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Ex Member wrote on Feb 9th, 2016 at 8:00am:
Dan, if I get Joe's point correctly, it's kind of like someone becoming an astrologist, while not believing in the zodiac.


It would seem so to the believers, I suppose.

But it doesn't matter. 

The polygraph profe$$ion fashions itself as being in line with mainstream thought. That's a twisted view, to say the very least.

The American Medical Association, the American Psychological Association, the legal community at large, and the scientific community at large all condemn polygraph.

Polygraph is a counterculture pseudoscience, but the indu$try bigs (and their zombie-like followers) steadfastly cling to a rickety belief system that strains credulity -- as when the APA touted 98.6% accuracy for 15 years, 10 of them after the devastating NAS report.

Ark, I ask you: Where is the harm in telling people the truth about the "test"?

  
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Re: Texas sex offender & mandatory polygraph
Reply #248 - Feb 9th, 2016 at 5:05pm
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I was asking, how do you call others charlatans, when you yourself practice the same profession?

Also, Here you go again with the 96% stuff while avoiding the subject of the study you were involved with.  You do this every time.

And saying that I follow "mainstream thought," is laughable to anyone who knows what I have been though for the past 8 years; especially in the past 2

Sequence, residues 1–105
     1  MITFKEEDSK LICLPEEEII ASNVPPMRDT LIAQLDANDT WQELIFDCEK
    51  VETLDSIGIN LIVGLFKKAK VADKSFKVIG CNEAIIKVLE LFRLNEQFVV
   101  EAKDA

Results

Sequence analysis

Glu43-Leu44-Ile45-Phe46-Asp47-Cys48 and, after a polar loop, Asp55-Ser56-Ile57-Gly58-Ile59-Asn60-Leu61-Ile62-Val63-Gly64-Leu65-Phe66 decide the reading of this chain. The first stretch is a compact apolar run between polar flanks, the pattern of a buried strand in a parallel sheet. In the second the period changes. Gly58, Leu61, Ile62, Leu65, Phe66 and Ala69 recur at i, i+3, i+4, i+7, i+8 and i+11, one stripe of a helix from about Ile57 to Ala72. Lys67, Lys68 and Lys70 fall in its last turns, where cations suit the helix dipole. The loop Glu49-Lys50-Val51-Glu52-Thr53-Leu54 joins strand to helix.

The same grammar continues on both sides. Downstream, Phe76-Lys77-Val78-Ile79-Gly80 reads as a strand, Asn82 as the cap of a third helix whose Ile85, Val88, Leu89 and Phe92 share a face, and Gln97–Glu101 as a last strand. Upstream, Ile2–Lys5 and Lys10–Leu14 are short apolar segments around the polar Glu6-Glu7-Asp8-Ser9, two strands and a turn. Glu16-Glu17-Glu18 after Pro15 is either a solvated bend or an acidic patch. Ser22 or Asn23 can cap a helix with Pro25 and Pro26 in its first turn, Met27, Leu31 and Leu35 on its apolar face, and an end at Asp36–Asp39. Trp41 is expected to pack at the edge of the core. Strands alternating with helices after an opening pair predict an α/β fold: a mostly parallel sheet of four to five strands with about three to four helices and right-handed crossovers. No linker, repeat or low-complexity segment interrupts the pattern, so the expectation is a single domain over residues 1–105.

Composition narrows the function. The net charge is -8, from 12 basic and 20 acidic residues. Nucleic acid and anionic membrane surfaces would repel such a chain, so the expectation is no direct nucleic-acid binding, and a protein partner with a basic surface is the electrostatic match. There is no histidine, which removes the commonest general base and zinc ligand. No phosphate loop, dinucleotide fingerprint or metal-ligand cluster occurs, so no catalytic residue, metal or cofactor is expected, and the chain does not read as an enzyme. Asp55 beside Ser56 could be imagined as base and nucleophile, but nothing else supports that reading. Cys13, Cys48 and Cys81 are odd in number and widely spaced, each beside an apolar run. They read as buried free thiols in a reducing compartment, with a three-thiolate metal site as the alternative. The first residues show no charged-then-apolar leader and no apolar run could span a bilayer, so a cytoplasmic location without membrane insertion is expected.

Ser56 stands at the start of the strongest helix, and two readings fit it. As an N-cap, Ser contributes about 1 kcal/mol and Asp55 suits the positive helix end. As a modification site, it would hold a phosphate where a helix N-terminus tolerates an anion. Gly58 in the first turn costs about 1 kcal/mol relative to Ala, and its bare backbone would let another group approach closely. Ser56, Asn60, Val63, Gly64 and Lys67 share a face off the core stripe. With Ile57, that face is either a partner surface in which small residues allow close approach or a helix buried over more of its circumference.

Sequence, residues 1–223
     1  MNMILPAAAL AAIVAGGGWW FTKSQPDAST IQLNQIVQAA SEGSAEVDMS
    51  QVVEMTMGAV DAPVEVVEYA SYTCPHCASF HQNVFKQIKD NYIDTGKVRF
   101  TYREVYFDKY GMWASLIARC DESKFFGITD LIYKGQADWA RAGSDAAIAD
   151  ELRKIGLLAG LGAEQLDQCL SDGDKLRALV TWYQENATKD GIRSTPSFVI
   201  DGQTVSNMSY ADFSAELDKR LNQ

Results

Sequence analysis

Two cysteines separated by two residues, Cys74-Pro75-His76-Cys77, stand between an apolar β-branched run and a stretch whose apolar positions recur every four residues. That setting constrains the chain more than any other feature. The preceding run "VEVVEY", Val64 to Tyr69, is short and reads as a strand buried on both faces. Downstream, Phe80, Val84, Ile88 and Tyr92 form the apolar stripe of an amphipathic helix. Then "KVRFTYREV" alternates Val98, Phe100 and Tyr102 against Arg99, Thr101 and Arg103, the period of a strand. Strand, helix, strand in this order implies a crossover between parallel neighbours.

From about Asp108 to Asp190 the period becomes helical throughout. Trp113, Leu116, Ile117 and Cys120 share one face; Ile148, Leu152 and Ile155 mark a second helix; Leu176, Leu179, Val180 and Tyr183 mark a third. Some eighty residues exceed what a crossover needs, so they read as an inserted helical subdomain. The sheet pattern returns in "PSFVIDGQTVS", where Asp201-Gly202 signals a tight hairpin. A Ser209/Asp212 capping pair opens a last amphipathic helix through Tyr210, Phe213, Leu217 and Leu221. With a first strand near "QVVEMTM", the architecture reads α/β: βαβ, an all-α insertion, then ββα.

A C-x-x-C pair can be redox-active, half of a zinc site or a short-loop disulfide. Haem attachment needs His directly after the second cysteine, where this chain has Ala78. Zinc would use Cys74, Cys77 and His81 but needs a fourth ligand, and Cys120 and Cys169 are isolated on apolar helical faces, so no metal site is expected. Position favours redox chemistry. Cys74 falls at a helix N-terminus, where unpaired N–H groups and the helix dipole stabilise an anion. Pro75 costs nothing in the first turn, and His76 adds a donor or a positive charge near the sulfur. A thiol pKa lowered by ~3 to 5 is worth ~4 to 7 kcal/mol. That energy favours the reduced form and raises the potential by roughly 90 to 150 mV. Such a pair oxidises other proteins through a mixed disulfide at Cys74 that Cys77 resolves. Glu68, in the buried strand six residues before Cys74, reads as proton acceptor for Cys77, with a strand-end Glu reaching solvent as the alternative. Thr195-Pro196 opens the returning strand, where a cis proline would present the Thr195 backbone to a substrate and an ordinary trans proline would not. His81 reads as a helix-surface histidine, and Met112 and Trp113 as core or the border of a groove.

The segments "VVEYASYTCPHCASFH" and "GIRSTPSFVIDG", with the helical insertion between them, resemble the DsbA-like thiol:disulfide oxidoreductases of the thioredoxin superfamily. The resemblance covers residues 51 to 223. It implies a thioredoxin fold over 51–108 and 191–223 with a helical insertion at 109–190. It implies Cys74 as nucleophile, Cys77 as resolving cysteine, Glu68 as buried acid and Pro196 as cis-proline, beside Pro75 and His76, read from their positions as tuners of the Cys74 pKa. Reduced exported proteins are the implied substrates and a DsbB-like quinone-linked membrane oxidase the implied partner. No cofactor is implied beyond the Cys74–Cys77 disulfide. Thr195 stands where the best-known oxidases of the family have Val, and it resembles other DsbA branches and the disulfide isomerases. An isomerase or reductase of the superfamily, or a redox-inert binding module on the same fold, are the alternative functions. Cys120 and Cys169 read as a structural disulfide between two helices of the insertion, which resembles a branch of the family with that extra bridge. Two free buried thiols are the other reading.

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Re: Texas sex offender & mandatory polygraph
Reply #249 - Feb 9th, 2016 at 5:08pm
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Dan Mangan wrote on Feb 9th, 2016 at 11:49am:
Where is the harm in telling people the truth about the "test"?

No argument from me on that, but you are a bit of an enigma.
  
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Re: Texas sex offender & mandatory polygraph
Reply #250 - Feb 9th, 2016 at 5:39pm
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Ex Member wrote on Feb 9th, 2016 at 5:08pm:
Dan Mangan wrote on Feb 9th, 2016 at 11:49am:
Where is the harm in telling people the truth about the "test"?

No argument from me on that, but you are a bit of an enigma.


And you are a bit of an apologist for the " test."
  
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Re: Texas sex offender & mandatory polygraph
Reply #251 - Feb 9th, 2016 at 5:51pm
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Actually, as I've stated before, I think the accuracy of the CQT is unknown, and most likely unknowable. I did not mean "enigma" as something bad; I proudly display my enigmatic credentials daily.
  
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Re: Texas sex offender & mandatory polygraph
Reply #252 - Feb 9th, 2016 at 7:49pm
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But Ark, in spite of the CQT's glaring deficiencies, you do believe it serves the greater good, right?
  
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Re: Texas sex offender & mandatory polygraph
Reply #253 - Feb 9th, 2016 at 8:11pm
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A very profound question Dan, even for an angel. I am still on the fence. 

*Joe, by the way, sorry for your loss man. It's always hard to lose someone close to you.
  
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Re: Texas sex offender & mandatory polygraph
Reply #254 - Feb 10th, 2016 at 12:09am
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Sometimes an angel's job is to sit on the fence; some of the best angels are "watchers."

Anyway, thanks Ark.  Everyone in the family knew it was coming, but it still doesn't prepare for the reality when the event happens; just wish the guy had better timing. Making hard decisions in the way of imminent loss of a family member is hard when you are on your way to a seminar, with a lot at stake. But expecting it made decisions easier.

Anyway, Dan has called me an apologist on so many occasions, I just brush it off now.
  

Joe